Home » Biology Articles » Careers » How To Find Jobs Which Are Not Advertised

How To Find Jobs Which Are Not Advertised


On an overall basis, there is one other major principal you must keep in mind. When you read about a company that is giving out signals that they may be hiring at an above average rate, don't stop at the obvious implications. Use what we refer to as "ripple-effect thinking." This is simply taking the time to think about all of the changes that may be occurring in the company- up and down the line, and across many functions. Through ripple effect thinking, you may also get some good ideas about expanding the use of the information to a company's suppliers and customers.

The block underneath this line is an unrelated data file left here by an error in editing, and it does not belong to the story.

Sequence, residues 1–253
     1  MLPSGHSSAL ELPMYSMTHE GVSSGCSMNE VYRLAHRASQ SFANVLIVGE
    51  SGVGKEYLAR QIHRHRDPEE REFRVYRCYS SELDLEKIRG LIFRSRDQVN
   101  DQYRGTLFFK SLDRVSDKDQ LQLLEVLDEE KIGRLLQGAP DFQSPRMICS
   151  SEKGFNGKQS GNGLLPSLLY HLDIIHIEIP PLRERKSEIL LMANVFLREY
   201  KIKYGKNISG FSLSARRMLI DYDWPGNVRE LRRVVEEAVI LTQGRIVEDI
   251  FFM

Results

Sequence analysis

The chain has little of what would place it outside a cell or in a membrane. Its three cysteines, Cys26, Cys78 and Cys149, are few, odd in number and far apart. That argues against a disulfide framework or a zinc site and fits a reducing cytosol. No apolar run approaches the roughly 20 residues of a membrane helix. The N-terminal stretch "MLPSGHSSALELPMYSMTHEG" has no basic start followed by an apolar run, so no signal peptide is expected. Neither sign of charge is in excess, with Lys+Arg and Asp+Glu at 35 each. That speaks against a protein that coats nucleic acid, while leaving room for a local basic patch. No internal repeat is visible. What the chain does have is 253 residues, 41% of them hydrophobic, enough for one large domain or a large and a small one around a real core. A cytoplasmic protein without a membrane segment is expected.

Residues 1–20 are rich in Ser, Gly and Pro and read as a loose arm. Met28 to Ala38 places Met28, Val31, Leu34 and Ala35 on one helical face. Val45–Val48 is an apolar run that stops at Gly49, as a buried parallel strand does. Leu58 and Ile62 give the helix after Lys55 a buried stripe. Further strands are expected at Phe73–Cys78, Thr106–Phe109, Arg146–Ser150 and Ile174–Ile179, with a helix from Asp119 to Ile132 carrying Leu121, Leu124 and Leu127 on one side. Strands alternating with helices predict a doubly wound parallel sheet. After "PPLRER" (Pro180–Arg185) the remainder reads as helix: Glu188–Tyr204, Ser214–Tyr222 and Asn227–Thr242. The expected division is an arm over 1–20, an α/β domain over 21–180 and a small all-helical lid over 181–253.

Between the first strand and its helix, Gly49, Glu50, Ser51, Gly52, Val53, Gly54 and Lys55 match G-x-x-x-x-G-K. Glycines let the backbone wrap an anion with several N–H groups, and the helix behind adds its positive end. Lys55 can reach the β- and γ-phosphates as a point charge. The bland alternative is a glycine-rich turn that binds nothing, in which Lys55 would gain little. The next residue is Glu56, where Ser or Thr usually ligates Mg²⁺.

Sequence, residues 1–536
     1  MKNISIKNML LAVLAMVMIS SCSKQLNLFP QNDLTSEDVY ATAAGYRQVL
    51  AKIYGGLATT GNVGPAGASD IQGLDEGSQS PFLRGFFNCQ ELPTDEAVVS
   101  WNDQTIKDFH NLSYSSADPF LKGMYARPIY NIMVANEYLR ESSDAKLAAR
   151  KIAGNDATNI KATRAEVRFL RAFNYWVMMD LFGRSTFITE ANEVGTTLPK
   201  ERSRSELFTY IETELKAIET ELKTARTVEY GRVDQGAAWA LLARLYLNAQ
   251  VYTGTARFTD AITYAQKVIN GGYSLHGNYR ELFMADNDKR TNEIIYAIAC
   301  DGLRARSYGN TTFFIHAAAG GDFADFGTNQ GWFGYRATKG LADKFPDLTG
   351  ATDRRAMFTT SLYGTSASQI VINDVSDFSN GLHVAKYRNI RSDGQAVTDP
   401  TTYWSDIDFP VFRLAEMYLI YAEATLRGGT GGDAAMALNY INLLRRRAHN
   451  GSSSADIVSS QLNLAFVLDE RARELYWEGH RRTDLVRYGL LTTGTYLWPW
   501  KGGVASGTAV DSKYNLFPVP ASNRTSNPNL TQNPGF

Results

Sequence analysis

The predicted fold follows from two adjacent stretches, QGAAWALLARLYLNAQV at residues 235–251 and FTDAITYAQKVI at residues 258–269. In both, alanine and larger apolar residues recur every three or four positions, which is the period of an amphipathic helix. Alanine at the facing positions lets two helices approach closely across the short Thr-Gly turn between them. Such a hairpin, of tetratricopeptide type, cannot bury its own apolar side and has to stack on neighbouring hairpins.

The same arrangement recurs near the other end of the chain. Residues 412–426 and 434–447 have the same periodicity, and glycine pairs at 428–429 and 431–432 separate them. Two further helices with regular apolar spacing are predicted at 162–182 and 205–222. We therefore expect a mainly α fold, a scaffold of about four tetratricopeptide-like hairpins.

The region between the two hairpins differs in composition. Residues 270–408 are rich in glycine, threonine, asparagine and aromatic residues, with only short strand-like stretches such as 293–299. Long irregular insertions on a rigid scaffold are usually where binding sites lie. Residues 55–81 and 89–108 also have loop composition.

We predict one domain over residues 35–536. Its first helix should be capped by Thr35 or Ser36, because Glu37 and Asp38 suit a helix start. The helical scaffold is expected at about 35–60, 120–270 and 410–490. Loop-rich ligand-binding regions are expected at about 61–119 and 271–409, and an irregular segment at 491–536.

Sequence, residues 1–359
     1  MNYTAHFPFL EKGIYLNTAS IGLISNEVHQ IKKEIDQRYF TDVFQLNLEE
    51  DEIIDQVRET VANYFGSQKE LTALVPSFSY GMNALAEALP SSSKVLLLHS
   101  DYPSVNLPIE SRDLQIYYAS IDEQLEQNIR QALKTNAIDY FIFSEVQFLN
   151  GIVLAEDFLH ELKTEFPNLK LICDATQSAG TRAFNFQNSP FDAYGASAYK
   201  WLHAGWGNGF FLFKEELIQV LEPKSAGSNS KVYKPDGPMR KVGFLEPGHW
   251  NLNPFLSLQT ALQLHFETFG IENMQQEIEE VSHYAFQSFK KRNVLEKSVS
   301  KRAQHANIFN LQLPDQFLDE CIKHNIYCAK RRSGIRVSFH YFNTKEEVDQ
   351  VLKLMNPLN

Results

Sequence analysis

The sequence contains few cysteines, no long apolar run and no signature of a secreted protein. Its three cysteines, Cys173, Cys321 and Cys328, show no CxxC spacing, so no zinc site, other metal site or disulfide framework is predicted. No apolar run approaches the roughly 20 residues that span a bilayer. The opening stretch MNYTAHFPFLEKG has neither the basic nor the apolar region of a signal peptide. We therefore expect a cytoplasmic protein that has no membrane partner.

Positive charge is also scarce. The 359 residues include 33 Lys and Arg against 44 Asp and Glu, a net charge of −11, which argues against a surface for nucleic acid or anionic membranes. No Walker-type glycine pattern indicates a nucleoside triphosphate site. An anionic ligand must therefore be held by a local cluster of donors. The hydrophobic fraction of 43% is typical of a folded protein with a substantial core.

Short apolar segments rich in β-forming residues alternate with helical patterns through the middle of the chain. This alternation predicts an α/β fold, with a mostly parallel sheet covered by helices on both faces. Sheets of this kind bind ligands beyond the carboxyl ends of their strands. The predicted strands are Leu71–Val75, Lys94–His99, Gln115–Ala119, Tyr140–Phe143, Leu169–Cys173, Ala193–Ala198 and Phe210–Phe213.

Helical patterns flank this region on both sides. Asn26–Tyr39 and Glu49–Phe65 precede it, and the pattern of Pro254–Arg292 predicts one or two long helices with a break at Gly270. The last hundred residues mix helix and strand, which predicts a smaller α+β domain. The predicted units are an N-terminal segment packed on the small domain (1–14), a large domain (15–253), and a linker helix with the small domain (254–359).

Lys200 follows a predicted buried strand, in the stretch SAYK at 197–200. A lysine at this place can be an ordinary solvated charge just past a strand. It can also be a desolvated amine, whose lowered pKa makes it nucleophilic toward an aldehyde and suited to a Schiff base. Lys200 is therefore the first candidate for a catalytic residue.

After you have selected companies of interest, your next concern will be how you should make contact with these employers. Here you can use the following guidelines: r For situations of special interest, an added cover letter might get better response. r In situations of greatest interest, a tailored letter will usually produce the best results. ^ What about using the phone? If circumstances seem right, it certainly is the quickest way. In addition to addressing how contacts should be made, let's now focus on exactly whom you should contact. If you are seeking a position as a senior executive, the chief executive is the logical person for you to contact. For positions below senior level, other targets will normally be preferred. The personnel manager may be aware of the most openings in a company. However, the VP of your major function will usually be a better alternative. In most cases, sending your letter or resume to the appropriate functional head will get it into the hands of the right person. Some people may wonder if this kind of information can be helpful to recent graduates and career changers. Make no mistake- it can be extremely valuable to persons in those situations. Why is this so? Well, there is one fundamental reason.